NICA has been surveying, studying and observing our shorebirds on a monthly basis since 2005, submitting its data to the National Shorebird Monitoring Program and although both Richard, also a member of the Noosa River Stakeholders Advisory Committee, and John, a former research skipper at the Australian Institute of Marine Science, admit there are still gaps in the accumulated knowledge of the behavior of these remarkable birds, they know a hell of a lot, starting with the fact that almost half of all migratory shorebird species known to visit Australia can be seen in Noosa. However, habitat loss along the flyways and increased disturbance locally is putting this hotspot of shorebird biodiversity at risk.

As Richard noted while we quietly observed Bart: “The Godwit is a unique specimen. We see about 10 to 20 groups of them on any given survey. You can imagine how they feel when a jet ski comes whizzing down the river and disturbs their environment, particularly after it’s taken so long to get here.”

Which brings us neatly back to my new hero, Bart, and his mates. Says Richard: “They fly over 12,000 km without stopping and they tend to go off course, which when you’re coming from Alaska is a bit of a problem. But they use weather systems to help them keep flying, and we’re still learning how they do that. Incredibly they have a 90 per cent survival rate. They take off on one side of the world and fly to the other but they have no idea of where they’re going and yet they get here. And when they get to where they’re going, they flop down for a while and then they start eating.” Who wouldn’t?

In 2007, not long after NICA began its monitoring, a Bar-tailed Godwit hit the headlines, after a bird, known as E7, was recorded flying non-stop from Alaska to New Zealand — a journey of more than 11,500 km, in 11 days. It was a world record, with the information made available via a tiny satellite transmitter attached to the bird’s back. Although E7’s record has been broken incrementally a number of times since, this year Birdlife Australia reported that it had now been smashed by another Godwit, a five-month old juvenile which flew an even more astonishing distance of 13,560 kilometres from Alaska to Ansons Bay, on the north-eastern coast of Tasmania, more than 2000 km longer than E7’s epic flight.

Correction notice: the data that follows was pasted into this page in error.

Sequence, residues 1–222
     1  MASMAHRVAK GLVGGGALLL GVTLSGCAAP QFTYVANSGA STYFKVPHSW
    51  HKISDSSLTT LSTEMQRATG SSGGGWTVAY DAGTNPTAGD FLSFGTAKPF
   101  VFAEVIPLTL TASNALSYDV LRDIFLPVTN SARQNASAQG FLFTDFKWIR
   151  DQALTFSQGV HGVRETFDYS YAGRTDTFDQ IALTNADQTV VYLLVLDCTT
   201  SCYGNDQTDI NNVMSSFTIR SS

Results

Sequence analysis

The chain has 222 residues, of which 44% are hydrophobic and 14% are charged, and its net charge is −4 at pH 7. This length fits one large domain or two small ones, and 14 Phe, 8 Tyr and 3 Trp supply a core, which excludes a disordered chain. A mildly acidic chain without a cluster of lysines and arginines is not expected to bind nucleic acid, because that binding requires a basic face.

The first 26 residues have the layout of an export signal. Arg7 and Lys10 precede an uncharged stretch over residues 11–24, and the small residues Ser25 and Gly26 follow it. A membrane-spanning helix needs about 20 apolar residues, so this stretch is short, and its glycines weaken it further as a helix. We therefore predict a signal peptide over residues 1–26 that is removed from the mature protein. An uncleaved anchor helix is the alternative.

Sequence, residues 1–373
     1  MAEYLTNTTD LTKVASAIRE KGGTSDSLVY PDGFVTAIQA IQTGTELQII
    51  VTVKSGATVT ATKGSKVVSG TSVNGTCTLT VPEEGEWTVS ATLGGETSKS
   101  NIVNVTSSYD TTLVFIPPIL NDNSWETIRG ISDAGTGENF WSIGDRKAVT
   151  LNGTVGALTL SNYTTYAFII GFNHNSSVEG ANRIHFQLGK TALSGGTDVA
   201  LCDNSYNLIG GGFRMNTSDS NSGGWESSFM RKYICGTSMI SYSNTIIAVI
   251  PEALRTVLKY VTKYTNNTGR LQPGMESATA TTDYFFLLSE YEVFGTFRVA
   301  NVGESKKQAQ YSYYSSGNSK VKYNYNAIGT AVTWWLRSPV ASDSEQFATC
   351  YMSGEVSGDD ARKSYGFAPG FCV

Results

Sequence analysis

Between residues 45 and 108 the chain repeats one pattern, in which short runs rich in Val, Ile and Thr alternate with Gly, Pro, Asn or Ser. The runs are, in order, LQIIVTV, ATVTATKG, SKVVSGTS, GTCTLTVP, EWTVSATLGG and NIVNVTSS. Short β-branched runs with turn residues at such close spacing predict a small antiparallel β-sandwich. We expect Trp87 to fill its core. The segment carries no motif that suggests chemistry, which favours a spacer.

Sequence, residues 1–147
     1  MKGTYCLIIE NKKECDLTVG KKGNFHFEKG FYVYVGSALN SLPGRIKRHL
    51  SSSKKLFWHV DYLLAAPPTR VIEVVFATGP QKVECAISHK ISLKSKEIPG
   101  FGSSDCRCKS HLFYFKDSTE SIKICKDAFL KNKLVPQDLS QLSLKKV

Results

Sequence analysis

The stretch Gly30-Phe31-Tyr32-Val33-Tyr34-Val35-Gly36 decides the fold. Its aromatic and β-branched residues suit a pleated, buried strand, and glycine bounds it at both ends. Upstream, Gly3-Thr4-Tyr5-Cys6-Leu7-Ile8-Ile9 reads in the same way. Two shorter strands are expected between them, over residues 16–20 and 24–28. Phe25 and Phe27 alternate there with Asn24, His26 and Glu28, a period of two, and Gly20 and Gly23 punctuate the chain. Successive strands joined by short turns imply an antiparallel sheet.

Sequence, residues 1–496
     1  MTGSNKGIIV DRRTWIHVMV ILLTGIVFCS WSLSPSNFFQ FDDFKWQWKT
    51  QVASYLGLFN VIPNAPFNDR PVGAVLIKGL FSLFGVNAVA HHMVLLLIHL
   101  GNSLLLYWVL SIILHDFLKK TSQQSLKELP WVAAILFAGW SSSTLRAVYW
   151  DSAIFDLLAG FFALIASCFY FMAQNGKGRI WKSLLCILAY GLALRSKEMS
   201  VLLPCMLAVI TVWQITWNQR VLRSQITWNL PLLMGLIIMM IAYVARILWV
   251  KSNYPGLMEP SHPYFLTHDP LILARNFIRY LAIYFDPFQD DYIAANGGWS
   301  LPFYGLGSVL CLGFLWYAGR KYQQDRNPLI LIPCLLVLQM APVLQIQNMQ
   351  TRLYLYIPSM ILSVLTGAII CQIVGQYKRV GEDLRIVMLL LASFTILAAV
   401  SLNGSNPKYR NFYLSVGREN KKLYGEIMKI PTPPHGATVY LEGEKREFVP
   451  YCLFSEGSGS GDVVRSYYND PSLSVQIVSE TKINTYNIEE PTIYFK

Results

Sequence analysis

As Birdlike Australia reported: “And this non-stop flight was completed in just 11 days. Indeed, this bird had ample opportunities to stop over for a feed and a rest on a number of tropical islands as it winged its way across the Pacific Ocean, but chose to keep on flapping instead.”

Again mimicking the behavior of human tourists, migratory shorebirds sometimes forget to go home, making the return journey after the next summer. But don’t get the idea that it’s all beer and skittles out there on the sandbars for Bart and his mates. Says Richard: “What most people don’t realise is that shorebirds don’t prefer cover. They like a bare sandbank where they rely on their wits to survive, and their primary threat is the eagle. But a grassy landscape allows them to see any threats better than a mangrove environment. And tall trees provide cover for eagles.”

Eagle predators, speeding jet skiers, declining habitat, endless flapping over lonely oceans, a shorebird’s life is not for the faint-hearted. When I finally put down the binoculars as Bart moved behind a tussock, I offered a silent salute to an amazing creature.

The next Enter The Flyosphere shorebird experience will be on 2 February, for more information visit